OMD Media Direction
Founded in 1996 by Josh Dovey and Gary Westwater, OMD has in just over a decade grown into South Africa’s largest media agency. Total billings are in excess of R3bn, with a staff compliment of 160 in SA and 48 at its four other African operations. OMD is part of the Omnicom network, one of the world’s largest and most influential media communications specialists, investing billions of dollars in media through 90 offices in 55 markets.
Our strong regional offices (JHB, Durban & Cape Town established in 1998) ensure consistent servicing levels for all OMD’s clients, with the same access to international trends and best practice via the global network. That’s been recognized by ratings and research company RECMA, who have placed OMD as SA’s top media agency for the past four years.
In the late nineties – as borders and markets in Africa began opening up and OMD became increasingly exposed to multinational clients – it became evident that other African offices would be needed to service clients’ requirements. Dovey established OMD Nigeria and Kenya (2004), followed by an office in Ghana (2007) and, most recently, this year in Uganda.
To assist “in country” African operations with media buying and co-ordination, a highly specialized and experienced Africa Division, based at OMD Johannesburg, was born. The unit handles co-ordination throughout the continent for a number of blue chip advertisers.
There were also developments on the SA front. “We realized some years ago that we were limiting our growth by only operating one brand in the SA market. Most other global networks (WPP, Interpublic, etc) have at least two separate media agency brands”, says Dovey.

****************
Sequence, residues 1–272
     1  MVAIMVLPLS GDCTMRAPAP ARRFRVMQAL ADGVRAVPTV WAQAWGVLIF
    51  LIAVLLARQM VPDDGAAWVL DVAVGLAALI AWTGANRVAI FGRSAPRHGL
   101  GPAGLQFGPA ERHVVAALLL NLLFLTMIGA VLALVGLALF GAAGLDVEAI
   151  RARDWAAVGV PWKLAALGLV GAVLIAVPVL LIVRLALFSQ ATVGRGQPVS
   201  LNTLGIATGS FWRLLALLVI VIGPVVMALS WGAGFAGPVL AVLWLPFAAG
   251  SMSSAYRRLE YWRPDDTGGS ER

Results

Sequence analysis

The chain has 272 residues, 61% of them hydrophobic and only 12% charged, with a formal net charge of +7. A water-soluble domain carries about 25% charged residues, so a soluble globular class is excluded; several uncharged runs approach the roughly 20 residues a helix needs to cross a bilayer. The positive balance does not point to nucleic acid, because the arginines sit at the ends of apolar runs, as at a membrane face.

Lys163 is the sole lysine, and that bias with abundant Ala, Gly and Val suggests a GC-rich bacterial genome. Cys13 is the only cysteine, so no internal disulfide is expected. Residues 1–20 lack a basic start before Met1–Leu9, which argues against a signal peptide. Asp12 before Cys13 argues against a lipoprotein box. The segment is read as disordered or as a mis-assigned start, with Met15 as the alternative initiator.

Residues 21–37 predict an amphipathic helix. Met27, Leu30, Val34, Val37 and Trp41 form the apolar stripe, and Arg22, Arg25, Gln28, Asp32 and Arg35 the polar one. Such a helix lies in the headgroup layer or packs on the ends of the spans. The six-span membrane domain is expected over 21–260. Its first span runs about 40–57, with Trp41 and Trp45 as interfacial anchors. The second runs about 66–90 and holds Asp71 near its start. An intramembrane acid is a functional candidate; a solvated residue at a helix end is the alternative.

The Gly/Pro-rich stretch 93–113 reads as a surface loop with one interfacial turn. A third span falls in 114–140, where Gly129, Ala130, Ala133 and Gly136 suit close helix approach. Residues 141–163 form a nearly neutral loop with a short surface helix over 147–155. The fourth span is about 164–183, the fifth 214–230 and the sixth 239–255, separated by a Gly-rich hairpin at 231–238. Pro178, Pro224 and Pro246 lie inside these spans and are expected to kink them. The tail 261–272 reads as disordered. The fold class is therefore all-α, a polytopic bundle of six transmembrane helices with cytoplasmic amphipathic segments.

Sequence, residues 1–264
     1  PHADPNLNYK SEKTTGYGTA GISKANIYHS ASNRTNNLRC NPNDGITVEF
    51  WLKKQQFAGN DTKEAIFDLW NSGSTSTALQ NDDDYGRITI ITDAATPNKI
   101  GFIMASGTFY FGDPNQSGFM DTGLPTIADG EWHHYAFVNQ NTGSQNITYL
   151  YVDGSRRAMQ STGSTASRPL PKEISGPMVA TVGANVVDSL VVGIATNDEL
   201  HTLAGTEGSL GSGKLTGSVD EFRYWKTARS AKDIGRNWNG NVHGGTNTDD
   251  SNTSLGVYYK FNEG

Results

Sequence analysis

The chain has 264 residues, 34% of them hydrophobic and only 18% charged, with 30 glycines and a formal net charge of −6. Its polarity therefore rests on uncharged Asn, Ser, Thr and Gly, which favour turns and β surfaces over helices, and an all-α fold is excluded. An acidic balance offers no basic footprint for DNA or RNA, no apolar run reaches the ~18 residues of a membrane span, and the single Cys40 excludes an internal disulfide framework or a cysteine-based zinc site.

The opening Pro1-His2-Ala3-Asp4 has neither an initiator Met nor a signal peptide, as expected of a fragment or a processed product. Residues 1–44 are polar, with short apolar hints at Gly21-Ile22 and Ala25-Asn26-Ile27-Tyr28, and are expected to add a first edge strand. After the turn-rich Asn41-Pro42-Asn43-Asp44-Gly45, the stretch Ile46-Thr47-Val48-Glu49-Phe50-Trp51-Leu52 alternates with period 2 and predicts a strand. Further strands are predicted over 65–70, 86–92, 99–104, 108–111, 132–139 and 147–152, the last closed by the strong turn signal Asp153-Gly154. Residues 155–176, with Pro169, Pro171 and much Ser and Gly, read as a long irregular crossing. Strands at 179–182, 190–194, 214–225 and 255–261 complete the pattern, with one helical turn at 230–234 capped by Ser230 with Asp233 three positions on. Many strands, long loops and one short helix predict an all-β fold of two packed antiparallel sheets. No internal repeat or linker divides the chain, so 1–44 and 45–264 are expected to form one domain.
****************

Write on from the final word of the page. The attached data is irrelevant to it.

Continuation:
“So in 2006 we launched PHD, under the OmnicomMediaGroup banner. Focusing strongly on a personalized service approach to clients it’s achieved remarkable success in a relatively short time”.
Digital media will be a major growth area. “Looking at Europe, the United States and the Far East, broadband Internet has a 60% to 70% penetration of homes. Where that happens people are consuming media via that gateway – to the extent that, in Britain for example, digital is now bigger than radio in terms of ad revenue”.
IN SA, radio still takes a 12% share of all ad revenue, while the Internet takes less than 1%. “So the potential for digital to increase from under 1% to double digits is significant”, Dovey says. “That will only happen when it’s available in more than 6% of homes – which will be as s oon as the cables are laid, costs drop and Government support kicks in. Just as there’s TV and radio in every home there should be access to broadband and the Internet in every home.